Of course we shouldn’t be surprised. After all, this is a man whose unauthorised biography was called Born to Rule.
It might not have been authorised but Malcolm definitely likes the title.
A Bigger Picture is described in its own blurb as: “exceptionally candid and compelling … the definitive narrative of Malcolm Turnbull’s prime ministership …how he legalised same-sex marriage, established Snowy Hydro 2.0, stood up to Donald Trump, rebooted Australia’s defence industry and…”
Malcolm might not have written the blurb himself though I’ve a strong feeling he did.
Okay, maybe we’ll give Malcolm just-pass marks on same-sex marriage, even though he publicly lobbied for a conscience vote in federal parliament for years and then when he was PM caved into the hypocritical right-wing nut jobs within his party like Dutton, Abbott and Barnaby and instead first offered some weird plebiscite obstacle which was smashed to smithereens by the voting public.
But same-sex marriage would have happened anyway and in fact should have happened much sooner and would have done, if it wasn’t for narrow-minded bigots like John Howard, the man who when not praising convicted paedophiles, incidentally, singlehandedly torpedoed the republican debate; amazingly, Malcolm recalls the old fraud and dessicated cocunut with real affection.
Oh, and of course Mal doesn’t claim to have fixed, or even considered, come to that, other pressing issues of national concern: the massive and shameful over-representation of Indigenous people in the criminal justice system, the absurd drug laws which ignore both logic and concern, the illegal detention of asylum-seekers and the growing disparity between the rich and poor, to mention only a few.
Maybe that last point is unfair.
Malcolm does talk about wealth. Endlessly.
A $10 million deal here, a nice little $5m tickle there, without ever once conceding the point that capitalism, the system he loves nearly as much as he loves his own shadow, is directly and unquestionably responsible for the fact that national, if not global poverty is probably the real Bigger Picture.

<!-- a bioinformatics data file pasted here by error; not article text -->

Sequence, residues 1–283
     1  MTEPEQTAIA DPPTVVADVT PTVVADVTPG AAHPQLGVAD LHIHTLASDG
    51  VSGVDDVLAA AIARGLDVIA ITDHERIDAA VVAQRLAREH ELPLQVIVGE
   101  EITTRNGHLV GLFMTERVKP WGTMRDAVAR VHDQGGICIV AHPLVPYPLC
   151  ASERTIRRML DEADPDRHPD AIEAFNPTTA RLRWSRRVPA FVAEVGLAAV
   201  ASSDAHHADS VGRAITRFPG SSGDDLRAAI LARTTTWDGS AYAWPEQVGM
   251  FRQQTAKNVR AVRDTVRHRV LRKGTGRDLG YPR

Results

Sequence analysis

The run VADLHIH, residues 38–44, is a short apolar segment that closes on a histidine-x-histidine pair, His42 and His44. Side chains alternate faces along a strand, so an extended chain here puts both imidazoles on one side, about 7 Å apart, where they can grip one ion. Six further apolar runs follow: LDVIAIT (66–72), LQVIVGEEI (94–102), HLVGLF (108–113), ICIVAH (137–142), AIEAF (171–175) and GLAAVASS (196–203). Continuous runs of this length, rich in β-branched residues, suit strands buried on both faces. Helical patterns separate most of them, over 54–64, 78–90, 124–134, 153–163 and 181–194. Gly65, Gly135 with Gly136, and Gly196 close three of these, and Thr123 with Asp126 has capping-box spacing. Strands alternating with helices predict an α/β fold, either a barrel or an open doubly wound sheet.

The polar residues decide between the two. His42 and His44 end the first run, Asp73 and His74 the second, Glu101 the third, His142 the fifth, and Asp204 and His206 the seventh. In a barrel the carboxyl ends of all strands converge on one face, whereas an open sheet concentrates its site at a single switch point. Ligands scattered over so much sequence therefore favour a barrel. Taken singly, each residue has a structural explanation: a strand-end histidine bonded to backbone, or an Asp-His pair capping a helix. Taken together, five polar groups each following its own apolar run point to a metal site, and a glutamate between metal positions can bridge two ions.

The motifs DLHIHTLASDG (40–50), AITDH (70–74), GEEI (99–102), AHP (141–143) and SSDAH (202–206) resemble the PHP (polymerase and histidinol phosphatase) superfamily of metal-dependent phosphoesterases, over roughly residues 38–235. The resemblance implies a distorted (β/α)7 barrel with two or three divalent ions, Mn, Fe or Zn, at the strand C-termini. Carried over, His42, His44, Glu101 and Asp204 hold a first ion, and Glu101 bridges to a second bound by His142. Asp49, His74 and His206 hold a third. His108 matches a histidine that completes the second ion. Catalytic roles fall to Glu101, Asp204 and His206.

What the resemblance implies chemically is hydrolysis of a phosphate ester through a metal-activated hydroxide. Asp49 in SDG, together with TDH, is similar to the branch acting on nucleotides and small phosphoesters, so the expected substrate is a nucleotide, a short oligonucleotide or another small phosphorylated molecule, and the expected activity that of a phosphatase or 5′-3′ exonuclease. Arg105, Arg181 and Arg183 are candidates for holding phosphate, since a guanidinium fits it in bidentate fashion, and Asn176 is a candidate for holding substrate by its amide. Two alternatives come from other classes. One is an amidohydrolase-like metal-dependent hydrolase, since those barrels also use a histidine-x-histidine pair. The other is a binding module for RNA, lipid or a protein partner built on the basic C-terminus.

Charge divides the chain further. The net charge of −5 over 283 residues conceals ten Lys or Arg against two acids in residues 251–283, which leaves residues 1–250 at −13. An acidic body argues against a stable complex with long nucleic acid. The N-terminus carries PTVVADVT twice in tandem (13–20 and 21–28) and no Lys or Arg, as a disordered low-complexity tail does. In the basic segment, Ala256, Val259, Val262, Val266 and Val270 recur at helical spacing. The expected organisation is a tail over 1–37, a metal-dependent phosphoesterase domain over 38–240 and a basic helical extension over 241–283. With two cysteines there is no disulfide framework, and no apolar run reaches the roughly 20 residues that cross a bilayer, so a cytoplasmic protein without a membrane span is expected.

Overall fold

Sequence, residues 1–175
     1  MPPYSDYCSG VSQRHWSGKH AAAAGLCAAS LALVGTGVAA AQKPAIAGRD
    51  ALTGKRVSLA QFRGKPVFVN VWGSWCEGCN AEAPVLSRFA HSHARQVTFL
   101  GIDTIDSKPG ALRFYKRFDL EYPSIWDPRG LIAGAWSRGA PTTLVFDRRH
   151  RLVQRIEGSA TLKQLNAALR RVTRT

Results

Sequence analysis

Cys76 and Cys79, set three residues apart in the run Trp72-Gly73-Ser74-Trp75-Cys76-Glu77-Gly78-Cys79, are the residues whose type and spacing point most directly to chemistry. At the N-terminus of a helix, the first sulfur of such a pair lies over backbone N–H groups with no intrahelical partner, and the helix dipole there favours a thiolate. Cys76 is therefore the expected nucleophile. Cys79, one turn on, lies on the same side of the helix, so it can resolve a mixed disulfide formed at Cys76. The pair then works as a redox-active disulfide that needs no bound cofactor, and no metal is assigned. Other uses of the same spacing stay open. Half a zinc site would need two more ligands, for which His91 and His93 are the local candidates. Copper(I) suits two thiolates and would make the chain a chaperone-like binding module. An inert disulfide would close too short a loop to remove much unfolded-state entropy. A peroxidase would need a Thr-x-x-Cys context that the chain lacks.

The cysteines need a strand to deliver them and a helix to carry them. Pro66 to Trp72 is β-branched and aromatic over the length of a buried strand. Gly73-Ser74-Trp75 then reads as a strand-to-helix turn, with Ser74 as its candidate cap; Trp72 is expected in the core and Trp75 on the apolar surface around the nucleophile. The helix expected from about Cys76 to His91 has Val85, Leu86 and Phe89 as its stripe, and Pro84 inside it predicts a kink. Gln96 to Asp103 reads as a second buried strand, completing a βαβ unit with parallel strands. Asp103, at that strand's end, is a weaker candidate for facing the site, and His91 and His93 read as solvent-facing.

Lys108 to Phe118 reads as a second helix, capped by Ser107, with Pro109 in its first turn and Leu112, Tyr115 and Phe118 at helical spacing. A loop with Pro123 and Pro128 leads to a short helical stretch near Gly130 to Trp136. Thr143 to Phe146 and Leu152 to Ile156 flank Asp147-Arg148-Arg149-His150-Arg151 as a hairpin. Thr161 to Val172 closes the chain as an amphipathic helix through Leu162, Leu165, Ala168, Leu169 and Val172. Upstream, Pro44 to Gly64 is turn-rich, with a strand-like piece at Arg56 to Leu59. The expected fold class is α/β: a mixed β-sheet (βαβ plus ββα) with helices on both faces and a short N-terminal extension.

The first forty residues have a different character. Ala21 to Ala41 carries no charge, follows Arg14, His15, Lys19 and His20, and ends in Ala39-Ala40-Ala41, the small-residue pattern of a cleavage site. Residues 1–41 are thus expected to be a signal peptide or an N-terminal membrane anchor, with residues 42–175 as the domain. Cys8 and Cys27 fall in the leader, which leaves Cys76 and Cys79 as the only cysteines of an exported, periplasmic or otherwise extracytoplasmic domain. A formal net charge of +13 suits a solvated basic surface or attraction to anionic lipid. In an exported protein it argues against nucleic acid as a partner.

Though obviously, not for Mal.
As far as He’s concerned, The Bigger Picture is himself.
And if wasn’t for all those bastards, who he knew were bastards, that we all knew were bastards, he would still be doing us a great favour as our beloved Prime Minister, today.
You unlucky people, he tells us. ‘You could have had me’.
The Bigger Picture? Eminently readable and worthwhile, if only for the fact it kicks Tony Abbott well and truly in the guts, it’s essentially a 800-page billet-doux.
In fact, the first page dedication should read: ‘To Malcolm. Ever yours. With love x x x’.
“Now, back into the spa … Lucy, darling, where’s my self-portrait …?“
Ironic how the Liberals are obsessed with money but are terrible economic managers. International students have paid the government thousands of dollars to study here are now lining up for food due to the covid virus and many others struggling also..I suppose one has to hide behind money when you have no intelligence, talent, wit or charm to rely on.
Wasn’t it Malcolm Fraser who said that the Liberals look after the economy and Labor looks after the people? That sort of silly fake advertising phrase was needed because Australia had diabolical high interest rates when Howard was treasurer. Turnbull was no better with his dodgy Barrier Reef Fund and turning his back on the Uluru Statement. No wonder he has to sing his own praises.